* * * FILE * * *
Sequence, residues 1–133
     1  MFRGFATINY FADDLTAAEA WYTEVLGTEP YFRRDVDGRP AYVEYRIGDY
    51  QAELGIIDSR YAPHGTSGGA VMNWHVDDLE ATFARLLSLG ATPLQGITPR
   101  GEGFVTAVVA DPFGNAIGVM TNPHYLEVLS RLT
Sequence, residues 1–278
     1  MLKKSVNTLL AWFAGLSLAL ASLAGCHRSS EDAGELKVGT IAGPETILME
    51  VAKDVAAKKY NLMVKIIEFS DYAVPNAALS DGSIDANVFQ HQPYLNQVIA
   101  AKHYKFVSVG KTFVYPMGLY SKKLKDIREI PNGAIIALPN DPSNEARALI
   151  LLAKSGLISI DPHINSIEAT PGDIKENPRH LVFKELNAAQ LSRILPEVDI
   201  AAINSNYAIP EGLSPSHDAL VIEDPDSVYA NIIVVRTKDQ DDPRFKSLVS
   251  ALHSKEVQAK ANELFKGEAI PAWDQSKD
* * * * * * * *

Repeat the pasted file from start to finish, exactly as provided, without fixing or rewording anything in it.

Sequence, residues 1–133
     1  MFRGFATINY FADDLTAAEA WYTEVLGTEP YFRRDVDGRP AYVEYRIGDY
    51  QAELGIIDSR YAPHGTSGGA VMNWHVDDLE ATFARLLSLG ATPLQGITPR
   101  GEGFVTAVVA DPFGNAIGVM TNPHYLEVLS RLT
Sequence, residues 1–278
     1  MLKKSVNTLL AWFAGLSLAL ASLAGCHRSS EDAGELKVGT IAGPETILME
    51  VAKDVAAKKY NLMVKIIEFS DYAVPNAALS DGSIDANVFQ HQPYLNQVIA
   101  AKHYKFVSVG KTFVYPMGLY SKKLKDIREI PNGAIIALPN DPSNEARALI
   151  LLAKSGLISI DPHINSIEAT PGDIKENPRH LVFKELNAAQ LSRILPEVDI
   201  AAINSNYAIP EGLSPSHDAL VIEDPDSVYA NIIVVRTKDQ DDPRFKSLVS
   251  ALHSKEVQAK ANELFKGEAI PAWDQSKD